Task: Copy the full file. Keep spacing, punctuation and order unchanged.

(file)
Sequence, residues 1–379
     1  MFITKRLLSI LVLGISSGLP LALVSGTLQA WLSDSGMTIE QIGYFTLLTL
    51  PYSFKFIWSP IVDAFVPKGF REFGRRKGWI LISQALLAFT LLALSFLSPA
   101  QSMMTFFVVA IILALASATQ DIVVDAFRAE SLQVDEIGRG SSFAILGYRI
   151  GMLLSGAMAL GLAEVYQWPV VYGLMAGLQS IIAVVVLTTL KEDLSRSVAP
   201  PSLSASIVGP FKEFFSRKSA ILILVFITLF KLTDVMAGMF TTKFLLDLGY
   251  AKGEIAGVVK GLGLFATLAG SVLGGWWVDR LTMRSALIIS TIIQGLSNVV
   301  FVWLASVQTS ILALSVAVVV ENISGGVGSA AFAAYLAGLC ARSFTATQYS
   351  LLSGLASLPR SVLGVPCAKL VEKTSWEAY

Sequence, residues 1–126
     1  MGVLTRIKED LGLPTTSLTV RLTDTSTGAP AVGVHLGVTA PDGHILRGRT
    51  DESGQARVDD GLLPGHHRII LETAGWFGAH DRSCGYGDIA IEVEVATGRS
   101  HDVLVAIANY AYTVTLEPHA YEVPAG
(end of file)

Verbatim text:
Sequence, residues 1–379
     1  MFITKRLLSI LVLGISSGLP LALVSGTLQA WLSDSGMTIE QIGYFTLLTL
    51  PYSFKFIWSP IVDAFVPKGF REFGRRKGWI LISQALLAFT LLALSFLSPA
   101  QSMMTFFVVA IILALASATQ DIVVDAFRAE SLQVDEIGRG SSFAILGYRI
   151  GMLLSGAMAL GLAEVYQWPV VYGLMAGLQS IIAVVVLTTL KEDLSRSVAP
   201  PSLSASIVGP FKEFFSRKSA ILILVFITLF KLTDVMAGMF TTKFLLDLGY
   251  AKGEIAGVVK GLGLFATLAG SVLGGWWVDR LTMRSALIIS TIIQGLSNVV
   301  FVWLASVQTS ILALSVAVVV ENISGGVGSA AFAAYLAGLC ARSFTATQYS
   351  LLSGLASLPR SVLGVPCAKL VEKTSWEAY

Sequence, residues 1–126
     1  MGVLTRIKED LGLPTTSLTV RLTDTSTGAP AVGVHLGVTA PDGHILRGRT
    51  DESGQARVDD GLLPGHHRII LETAGWFGAH DRSCGYGDIA IEVEVATGRS
   101  HDVLVAIANY AYTVTLEPHA YEVPAG